“This book collects more than 30 EC horror stories from Mad magazine cartoonist Jack Davis. When Jack Davis took up his pen for EC Comics, he made his innocent victims more eye-poppingly terrified, his ax-murderers more gleefully gruesome, and his vampires and werewolves more bloodthirsty and feral than any other artist. ” (Adapted from catalogue)

Tales from the crypt. Volume 5, issues 41-46
“Dark Horse Comics is proud to bring you more creepily classic Tales from the Crypt Digitally re-colored using Marie Severin’s original colors as a guide, this twisted tome features stories drawn by the unforgettable artistic talents of Jack Davis, George Evans, Jack Kamen, Graham Ingels, Reed Crandall, Bernie Krigstein, Bill Elder, and Joe Orlando” (Catalogue)

Eerie comics 2012-2015.
“Uncle Creepy’s been hogging all the glory in Dark Horse’s revival of Warren’s classic magazines, but here comes Cousin Eerie to nudge him out of the spotlight The terrifying treasury of sinister sci-fi and fearsome fantasy is finally collected in this handsome paperback volume, amassing the inimitable talents of David Lapham, Mike Allred, Jonathan Case, Kelley Jones, and many more. Collecting all new material from the Eerie Comics #1-#8″ (Catalogue)

Flinch. Book one / Azzarello, Brian
“The legendary Vertigo horror anthology that will get under your skin–one slice at a time. It’s the little things in life that matter most: the tiny leak in the fuel line; the faint smell of decay that won’t wash off; the way a knife blade catches the light. These are the things that stick with us, no matter how much we want to forget–the things that make us flinch. No one is more familiar with this unnerving territory than the twisted souls whose hallucinatory work is preserved between these covers–an unprecedented gathering of fever dreams and waking nightmares scraped directly from the darkest corners of the greatest minds in comics.” (Adapted from catalogue)

A very DC Halloween
“All of your favorite DC characters get spooky in this first-ever DC Halloween collection. HEROES MEET HORROR The DC Universe is home to some of the greatest crime-fighters in existence. Your favorite superheroes are usually busy keeping the universe safe, but when Halloween winds blow through the DCU, these heroes are transformed into nightmares. A Very DC Halloween collects 18 eerie tales from DC House of Horror #1 and Cursed Comics Cavalcade #1.” (Adapted from catalogue)

Decades : Marvel in the ’70s : Legion of Monsters
“Celebrate 80 years of Marvel Comics, decade by decade – together with the groovy ghoulies of the Supernatural Seventies. It was an era of black-and-white magazines filled with macabre monsters, and unsettling new titles starring horror-themed “heroes”. Now, thrill to Marvel’s greatest horror icons: The melancholy muck-monster known as the Man-Thing – whosoever knows fear burns at his touch. Morbius, the Living Vampire. Jack Russell, cursed to be a Werewolf-by-Night. And the flame-skulled spirit of vengeance, the Ghost Rider. But what happens when they are forced together to become…the Legion of Monsters? Plus stories starring Dracula, Frankenstein’s Monster, Manphibian, the vampire-hunter Blade…and never-before-reprinted tales of terror.” (Adapted from catalogue)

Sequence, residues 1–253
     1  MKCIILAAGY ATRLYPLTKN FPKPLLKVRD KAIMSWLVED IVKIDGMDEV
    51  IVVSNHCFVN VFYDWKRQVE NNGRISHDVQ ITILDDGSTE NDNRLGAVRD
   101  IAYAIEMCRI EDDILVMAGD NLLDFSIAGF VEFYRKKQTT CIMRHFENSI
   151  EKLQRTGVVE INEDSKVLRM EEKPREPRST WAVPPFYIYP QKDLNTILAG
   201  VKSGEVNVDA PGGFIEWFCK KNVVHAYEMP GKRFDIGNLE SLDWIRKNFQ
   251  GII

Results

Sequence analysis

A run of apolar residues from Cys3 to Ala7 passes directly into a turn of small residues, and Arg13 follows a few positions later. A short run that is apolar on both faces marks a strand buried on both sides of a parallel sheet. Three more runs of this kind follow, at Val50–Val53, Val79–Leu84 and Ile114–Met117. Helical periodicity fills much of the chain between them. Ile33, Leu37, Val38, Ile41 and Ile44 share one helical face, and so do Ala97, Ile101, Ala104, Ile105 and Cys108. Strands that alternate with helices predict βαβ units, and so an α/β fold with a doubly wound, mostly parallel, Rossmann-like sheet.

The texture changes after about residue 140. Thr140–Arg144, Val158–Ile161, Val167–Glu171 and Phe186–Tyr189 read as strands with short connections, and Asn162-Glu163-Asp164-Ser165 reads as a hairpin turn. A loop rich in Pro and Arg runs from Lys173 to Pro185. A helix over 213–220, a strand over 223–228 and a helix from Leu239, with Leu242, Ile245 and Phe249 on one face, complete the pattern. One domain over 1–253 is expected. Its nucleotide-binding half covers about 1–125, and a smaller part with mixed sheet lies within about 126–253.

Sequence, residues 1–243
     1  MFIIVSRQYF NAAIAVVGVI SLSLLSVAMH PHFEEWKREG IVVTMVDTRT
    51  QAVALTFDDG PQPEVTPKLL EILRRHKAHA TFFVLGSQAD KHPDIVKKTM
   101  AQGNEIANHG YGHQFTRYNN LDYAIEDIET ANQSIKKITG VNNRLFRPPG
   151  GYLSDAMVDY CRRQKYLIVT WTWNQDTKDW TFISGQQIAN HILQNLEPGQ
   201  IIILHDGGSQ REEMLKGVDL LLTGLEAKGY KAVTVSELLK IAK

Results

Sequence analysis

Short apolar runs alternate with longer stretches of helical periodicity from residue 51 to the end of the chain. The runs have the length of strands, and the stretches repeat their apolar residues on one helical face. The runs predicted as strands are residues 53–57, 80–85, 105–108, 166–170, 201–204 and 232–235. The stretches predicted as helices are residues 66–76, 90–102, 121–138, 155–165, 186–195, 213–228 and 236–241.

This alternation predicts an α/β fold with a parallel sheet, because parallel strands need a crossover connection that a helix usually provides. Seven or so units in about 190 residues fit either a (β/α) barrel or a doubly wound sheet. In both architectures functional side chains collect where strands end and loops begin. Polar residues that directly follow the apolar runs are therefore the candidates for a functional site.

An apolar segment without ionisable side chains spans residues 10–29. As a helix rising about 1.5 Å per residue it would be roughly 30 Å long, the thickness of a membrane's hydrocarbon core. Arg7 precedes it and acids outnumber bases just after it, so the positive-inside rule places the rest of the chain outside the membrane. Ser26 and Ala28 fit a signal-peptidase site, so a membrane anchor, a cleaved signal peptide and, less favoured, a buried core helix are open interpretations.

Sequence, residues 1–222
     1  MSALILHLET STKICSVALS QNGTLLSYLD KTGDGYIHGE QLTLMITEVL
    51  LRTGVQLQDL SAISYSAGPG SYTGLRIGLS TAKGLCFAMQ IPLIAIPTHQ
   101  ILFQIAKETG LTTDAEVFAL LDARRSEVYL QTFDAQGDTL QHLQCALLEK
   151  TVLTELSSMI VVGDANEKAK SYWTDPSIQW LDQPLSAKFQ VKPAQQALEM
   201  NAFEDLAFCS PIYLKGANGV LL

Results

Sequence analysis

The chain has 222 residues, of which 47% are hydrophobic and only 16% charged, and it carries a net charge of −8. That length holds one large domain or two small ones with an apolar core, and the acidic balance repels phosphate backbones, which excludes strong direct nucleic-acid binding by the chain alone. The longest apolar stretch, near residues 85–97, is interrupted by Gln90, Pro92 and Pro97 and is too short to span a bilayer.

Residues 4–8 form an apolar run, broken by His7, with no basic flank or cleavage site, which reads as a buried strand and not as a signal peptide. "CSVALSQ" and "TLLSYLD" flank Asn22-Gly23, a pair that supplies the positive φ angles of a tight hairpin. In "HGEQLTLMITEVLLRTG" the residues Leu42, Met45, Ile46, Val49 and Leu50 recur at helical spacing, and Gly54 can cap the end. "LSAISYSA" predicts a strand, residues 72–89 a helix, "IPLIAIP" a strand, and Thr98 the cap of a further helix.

Comics in Conversation with Comics: Dial H for Hero Volume One

This is Comics in Conversation with Comics, a blog about comics and graphic novels that highlight, challenge, and celebrate the works that came before them, or say something about comics as an art form overall. This first post looks at the recent DC Comics series Dial H for Hero, by writer Sam Humphries and artist Joe Quinones.

Dial H for Hero is one of DC Comics’ more obscure series, but it’s a title that has a strong following among comic writers for its seemingly infinite potential. First appearing in House of Mystery #156 in January 1966, the premise centers around the H-Dial, a mysterious rotary phone (ask your parents) that, when H-E-R-O is dialed on it, can transform the caller into a random superhero. The 2019 Dial H for Hero series finds the Dial in the hands of two teen runaways, Miguel Montez and Summer Pickens, and this time the dial not only changes them into different comic heroes, but different art styles. These moments are the main draw of the series, referencing famous comics outside of the DC universe such as Dragon Ball, Krazy Kat, Peanuts, Tank Girl, and Teenage Mutant Ninja Turtles, and paying homage to such celebrated artists like Dan Clowes, Mike Allred, Alex Toth, Rob Liefeld, Moebius and more over the course of the series’ twelve issues.

We’ve listed some of the best comic homages from the first volume, with links to the relevant comics that inspired them if you want to check them out from our collection. You can also reserve volumes one and two of Dial H for Hero here and here if you don’t want to be spoiled on the story.

Manga on Manga